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ADVERTISING AND PR

Public relations (PR) is a field concerned with maintaining a public image for businesses, non-profit organizations or high-profile people, such as celebrities and politicians.

An earlier definition of public relations, by The first World Assembly of Public Relations Associations held in Mexico City in August 1978, was "the art and social science of analyzing trends, predicting their consequences, counseling organizational leaders, and implementing planned programs of action, which will serve both the organization and the public interest.

Others define it as the practice of managing communication between an organization and its publics.[2] Public relations provides an organization or individual exposure to their audiences using topics of public interest and news items that provide a third-party endorsement[3] and do not direct payment.[4] Common activities include speaking at conferences, working with the media, crisis communications, social media engagement,[5] and employee communication.

The European view of public relations notes that besides a relational form of interactivity there is also a reflective paradigm that is concerned with publics and the public sphere; not only with relational, which can in principle be private, but also with public consequences of organizational behaviour [6][7] A much broader view of interactive communication using the Internet, as outlined by Phillips and Young in Online Public Relations Second Edition (2009), describes the form and nature of Internet-mediated public relations. It encompasses social media and other channels for communication and many platforms for communication such as personal computers (PCs), mobile phones and video game consoles with Internet access. The increasing use of the mentioned technologies give the media a democratisation power and thus, aid to the demystification of subjects.

Public relations is used to build rapport with employees, customers, investors, voters, or the general public.[4] Almost any organization that has a stake in how it is portrayed in the public arena employs some level of public relations. There are a number of public relations disciplines falling under the banner of corporate communications, such as analyst relations, media relations, investor relations, internal communications and labor relations. Most of them include the aspect of peer review to get liability.

Other public relations disciplines include:

  • Financial public relations - providing information mainly to business reporters
  • Consumer/lifestyle public relations - gaining publicity for a particular product or service, rather than using advertising
  • Crisis public relations - responding to negative accusations or information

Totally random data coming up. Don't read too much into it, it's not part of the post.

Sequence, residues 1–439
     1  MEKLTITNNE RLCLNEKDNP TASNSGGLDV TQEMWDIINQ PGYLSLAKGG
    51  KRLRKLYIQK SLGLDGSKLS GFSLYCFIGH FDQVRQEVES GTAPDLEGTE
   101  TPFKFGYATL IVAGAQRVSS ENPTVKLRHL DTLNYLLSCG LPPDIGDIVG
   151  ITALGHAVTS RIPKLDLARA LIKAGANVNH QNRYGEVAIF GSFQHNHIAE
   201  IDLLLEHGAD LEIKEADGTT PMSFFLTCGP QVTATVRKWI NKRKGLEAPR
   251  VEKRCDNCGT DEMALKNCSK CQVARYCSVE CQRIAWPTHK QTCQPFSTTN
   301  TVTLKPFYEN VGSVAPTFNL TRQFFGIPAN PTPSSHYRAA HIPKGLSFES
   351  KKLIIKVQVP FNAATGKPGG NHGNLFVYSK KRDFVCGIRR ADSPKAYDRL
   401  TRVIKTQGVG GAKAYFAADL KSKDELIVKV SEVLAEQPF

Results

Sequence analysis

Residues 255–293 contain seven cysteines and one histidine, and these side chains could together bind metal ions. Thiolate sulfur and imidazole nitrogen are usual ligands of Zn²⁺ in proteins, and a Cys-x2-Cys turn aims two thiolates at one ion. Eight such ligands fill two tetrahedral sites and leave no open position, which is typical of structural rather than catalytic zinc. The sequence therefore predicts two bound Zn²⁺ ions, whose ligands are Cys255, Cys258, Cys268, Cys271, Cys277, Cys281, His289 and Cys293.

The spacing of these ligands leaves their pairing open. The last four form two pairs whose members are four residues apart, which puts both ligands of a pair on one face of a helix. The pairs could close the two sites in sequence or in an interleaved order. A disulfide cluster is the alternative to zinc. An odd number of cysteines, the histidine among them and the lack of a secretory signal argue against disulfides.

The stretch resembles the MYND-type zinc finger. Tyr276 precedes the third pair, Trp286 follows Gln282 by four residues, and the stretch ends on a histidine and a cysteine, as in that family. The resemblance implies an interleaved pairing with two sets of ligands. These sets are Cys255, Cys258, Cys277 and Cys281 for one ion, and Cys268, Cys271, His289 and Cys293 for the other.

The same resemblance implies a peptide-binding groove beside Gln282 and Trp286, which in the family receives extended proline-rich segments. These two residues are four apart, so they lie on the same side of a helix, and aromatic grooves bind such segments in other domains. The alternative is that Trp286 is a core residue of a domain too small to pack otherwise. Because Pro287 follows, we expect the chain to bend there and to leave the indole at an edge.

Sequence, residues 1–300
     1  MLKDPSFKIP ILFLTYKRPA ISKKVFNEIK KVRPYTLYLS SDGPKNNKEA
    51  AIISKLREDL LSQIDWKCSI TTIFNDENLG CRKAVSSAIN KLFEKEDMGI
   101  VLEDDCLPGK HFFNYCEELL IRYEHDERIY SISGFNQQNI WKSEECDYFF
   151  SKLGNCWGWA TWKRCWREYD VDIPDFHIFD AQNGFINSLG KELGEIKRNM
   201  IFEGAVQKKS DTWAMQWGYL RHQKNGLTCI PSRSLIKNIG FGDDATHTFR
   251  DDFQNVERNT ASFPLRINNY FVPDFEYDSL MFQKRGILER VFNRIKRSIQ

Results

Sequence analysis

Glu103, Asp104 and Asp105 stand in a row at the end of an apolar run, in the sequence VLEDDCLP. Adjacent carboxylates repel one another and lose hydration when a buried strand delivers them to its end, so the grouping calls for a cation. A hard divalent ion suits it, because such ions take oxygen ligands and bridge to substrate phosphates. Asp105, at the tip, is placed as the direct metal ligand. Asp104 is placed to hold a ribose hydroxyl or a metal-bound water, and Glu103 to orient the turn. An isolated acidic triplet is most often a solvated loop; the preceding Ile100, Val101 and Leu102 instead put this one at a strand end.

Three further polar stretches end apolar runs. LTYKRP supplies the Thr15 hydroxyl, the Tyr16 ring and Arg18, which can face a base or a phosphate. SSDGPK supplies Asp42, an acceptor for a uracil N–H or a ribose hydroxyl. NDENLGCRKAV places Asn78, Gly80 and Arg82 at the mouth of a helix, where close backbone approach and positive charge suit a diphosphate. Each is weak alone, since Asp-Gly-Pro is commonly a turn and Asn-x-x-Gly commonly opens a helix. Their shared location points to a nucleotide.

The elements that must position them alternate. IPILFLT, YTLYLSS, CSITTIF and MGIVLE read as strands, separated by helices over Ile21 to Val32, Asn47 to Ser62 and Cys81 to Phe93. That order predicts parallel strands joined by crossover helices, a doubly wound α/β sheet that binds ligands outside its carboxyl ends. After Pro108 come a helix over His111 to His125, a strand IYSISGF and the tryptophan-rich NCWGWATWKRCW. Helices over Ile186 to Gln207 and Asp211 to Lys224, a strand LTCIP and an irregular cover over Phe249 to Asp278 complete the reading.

• Industry relations - providing information to trade bodies
  • Government relations - engaging government departments to influence policymaking

The practice of public relations is spread widely. On the professional level, there is an organization called Public Relations Society of America (PRSA), the world's largest public relations organization. PRSA is a community of more than 21,000 professionals that works to advance the skill set of public relations. PRSA also fosters a national student organization called Public Relations Student Society of America (PRSSA).

In the USA, public relations professionals earn an average annual salary of $49,800 which compares with £40,000 for a practitioner with a similar job in the UK [1]. Top earners bring home around $89,220 annually, while entry-level public relations specialists earn around $28,080. Corporate, or in-house communications is generally more profitable, and communications executives can earn salaries in the mid six-figures, though this only applies to a fraction of the sector's workforce.

The role of public relations professionals is changing because of the shift from traditional to online media. Many PR professionals are finding it necessary to learn new skills and to examine how social media can impact a brand's reputation

Aside from personal ads and classifieds, mass advertising did not take off until the penny press era of the early to mid-1800s, when high-circulation newspapers allowed widespread access to consumers. This chapter surveys some of the agencies, their philosophies and approaches, and their tactics and use of imagery. It also surveys the history of public relations as a response to muckraking and as a way to speak for corporations in the marketplace of ideas.

DISCUSSION QUESTIONS

Philosophy of Advertising: How did Horace Greeley’s philosophy of advertising influence advertising agencies in the late 1800s and early 1900s?
Countering muckrakers: How successful were large corporations in countering the influence of muckrakers in the early 1900s?
PR ethics: According to James Grunig, one of the main functions of an ethical public relations practitioner is to ensure a two-way symmetrical flow of communication. In other words, public opinion needs to be understood inside the board rooms of corporations. Can you think of instances where a corporation that listened to opinion weathered a storm of criticism, and instances where one that didn’t listen ended up losing shareholder value?

 
 
 
 
 
 
             
 
             
 
             
 
 
 
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